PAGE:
Inside the Boleyn 2019
January 2019

What can I say but a Happy belated New Year.  It has been a frustrating start to the new year as I have been unable to restore my workshop email address  So instead I am offering as a temporary (probably permanent) solution.  Please use this one for the usual kind comments, enquiries and rudeness.  Thanks.
The first Reader's Machine to be posted in 2019 comes from Gin and is a Coronet Minor.  It is posted in Even More Readers Machines and is currently a work in progress.  So far it's looking really good and has been achieved without the use of power tools.  Thanks Gin, a great contribution to the site and hopefully more to come.


All in all a quiet month in the workshop but one in which a need for major alteration was identified.  Last year with the help of my mate Lenny the Lift, I picked up a total of three metal cabinets to address the lack of organization in the Boleyn Workshop.  One of these ended up being six inches too tall but more importantly of 1940 government issue heritage, more of that later.  They are going to be situated in the inner section of the workshop to make enough space in the other part to be able to actually complete a job without tripping over and breaking your neck.  In order to fit them in a section of workbench and some wall mounted shelves have been removed to make some room.  In my haste I failed to realize that the stereo system and two of it's four speakers would also have to come down and so for the first time in the history of the Boleyn Workshop there is a lack of quality dub and punk.  Re-installing it is of course a priority.

Readers Machines update:  further to Gin's Coronet Minor I heard from Alec who has a collection of Coronet machines that he uses regularly to make bird houses amongst other things.  For the full text and photos from both use the link here Even More Readers Machines
Pictures of any Coronet machines no matter what size or condition are always welcome and will be posted.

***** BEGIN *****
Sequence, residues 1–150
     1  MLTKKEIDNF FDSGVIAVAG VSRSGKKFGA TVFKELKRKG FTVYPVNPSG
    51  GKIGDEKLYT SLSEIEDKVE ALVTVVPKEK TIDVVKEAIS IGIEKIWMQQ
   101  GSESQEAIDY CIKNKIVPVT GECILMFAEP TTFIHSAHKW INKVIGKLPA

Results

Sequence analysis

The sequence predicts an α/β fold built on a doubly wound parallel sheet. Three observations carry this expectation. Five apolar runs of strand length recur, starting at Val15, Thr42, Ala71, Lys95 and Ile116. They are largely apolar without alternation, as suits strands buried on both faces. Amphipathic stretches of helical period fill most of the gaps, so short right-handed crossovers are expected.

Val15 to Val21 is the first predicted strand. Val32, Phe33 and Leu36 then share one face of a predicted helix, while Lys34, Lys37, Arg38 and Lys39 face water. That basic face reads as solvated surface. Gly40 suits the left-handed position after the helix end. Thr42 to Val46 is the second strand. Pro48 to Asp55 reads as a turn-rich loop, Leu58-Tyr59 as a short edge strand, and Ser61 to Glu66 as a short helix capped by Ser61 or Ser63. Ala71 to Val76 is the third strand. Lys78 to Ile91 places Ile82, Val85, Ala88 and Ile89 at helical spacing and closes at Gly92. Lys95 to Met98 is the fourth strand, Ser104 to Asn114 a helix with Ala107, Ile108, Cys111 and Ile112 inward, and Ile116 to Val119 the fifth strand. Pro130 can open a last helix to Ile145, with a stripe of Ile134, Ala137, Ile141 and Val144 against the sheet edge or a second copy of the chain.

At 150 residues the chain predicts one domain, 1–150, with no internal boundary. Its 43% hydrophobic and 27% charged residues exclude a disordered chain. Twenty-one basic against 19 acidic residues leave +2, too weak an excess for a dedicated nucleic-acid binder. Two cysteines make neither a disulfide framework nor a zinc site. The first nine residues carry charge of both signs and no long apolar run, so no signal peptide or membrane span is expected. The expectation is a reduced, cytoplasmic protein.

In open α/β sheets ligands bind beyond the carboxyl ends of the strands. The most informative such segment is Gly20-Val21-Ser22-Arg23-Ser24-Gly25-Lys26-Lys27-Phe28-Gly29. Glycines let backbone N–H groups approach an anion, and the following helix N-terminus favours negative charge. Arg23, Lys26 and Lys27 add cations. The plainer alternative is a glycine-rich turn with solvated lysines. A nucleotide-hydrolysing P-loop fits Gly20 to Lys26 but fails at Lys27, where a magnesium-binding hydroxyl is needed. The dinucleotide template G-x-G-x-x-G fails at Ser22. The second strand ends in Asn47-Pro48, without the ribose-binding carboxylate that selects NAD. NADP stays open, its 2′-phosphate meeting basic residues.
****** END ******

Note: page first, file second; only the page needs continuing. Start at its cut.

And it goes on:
Important news.  The workshop stereo is back and running.  Now situated in one of the metal cabinets that also houses approx three and a half Minorettes in bits, it has enabled the return of the UK Subs and Lee 'Scratch' Perry.  March has been the catalyst of that rarest of events in Boleyn Workshop history, a complete tidy up and reorganization.  With the aid of or should that be under the organization of my mate Lenny the Lift, we now have visual of the entire floor and workbenches.  It's unprecendedented stuff.  The office area has been remodelled to allow the installation of two 6x4 metal cabinets which now house the aforementioned stereo and Minorettes plus the usual workshop clutter known as vital bits and pieces.  I lost count of how many times I muttered "that might come in handy one day" to myself.  It's amazing just what might.  But under the guidance of Loveable Len I still managed fill up three or four sacks with unkeepable crap.  I was a little disappointed that RC failed to notice any difference when he came up for Workshop on Tuesday night but as they say, it's tough at the top.  RC has been working on restoring a handmade wooden chest of unreliable antiquity when he visits in between starting fires and making vile smells in old paint tins.  It's best not to ask.
How could I forget to mention the Great Workshop Chimney Fire of 2019.   For the last couple of years the stove has been getting harder and harder to light and keep going.  In fact the last few times it had just produced copious amounts of smoke causing the workshop to be evacuated.  You might say that was a warning sign.  The evening of the fire started out like any other.  The kettle was out on, classic dub carefully chosen for the stereo and the lid came of the biscuit tin.  More or less in that  order.  I tried to light the stove without success.  I added some WD40 (don't try this at home) with minor success until I closed the door whereupon the flames died.  More WD40 (a bad idea).  A minor explosion then blew a large cloud of smoke out into the room whereupon I instigated the Workshop fire drill which just means that I ran outside coughing.   There was no smoke coming out of the chimney but the workshop was filling up with it rapidly.  RC chose this moment to show up.  His only comment was along the lines of couldn't I be trusted to light a fire properly.  I reminded him that in the last century small boys were still being sent up chimneys to clean them.  He then reminded me that in fact he wasn't born until this century so that couldn't be used against him.  I never had this trouble with AC.  But to be fair RC climbed a ladder and helped to remove the flue stack to check for blockages.  To cut a long story short we discovered an old birds nest was responsible.  This had eventually fallen down to the base of the flue behind the stove and had gathered into a charred mess along with a bunch of soot and rust flakes from the inside of the metal flue.  There was about half a bucket full in the end when Lenny removed the stove and stuck his hand inside.  The stove was reinstalled and now burns as it was intended.  Tuesday night workshop was smoke free for the first time in a while.

More Readers Machines update. I have received and posted some more pictures from Gin of the latest progress on her Minor restoration.  The mitre fence and saw table are now restored and looking really good.  Thanks Gin.

Some sad news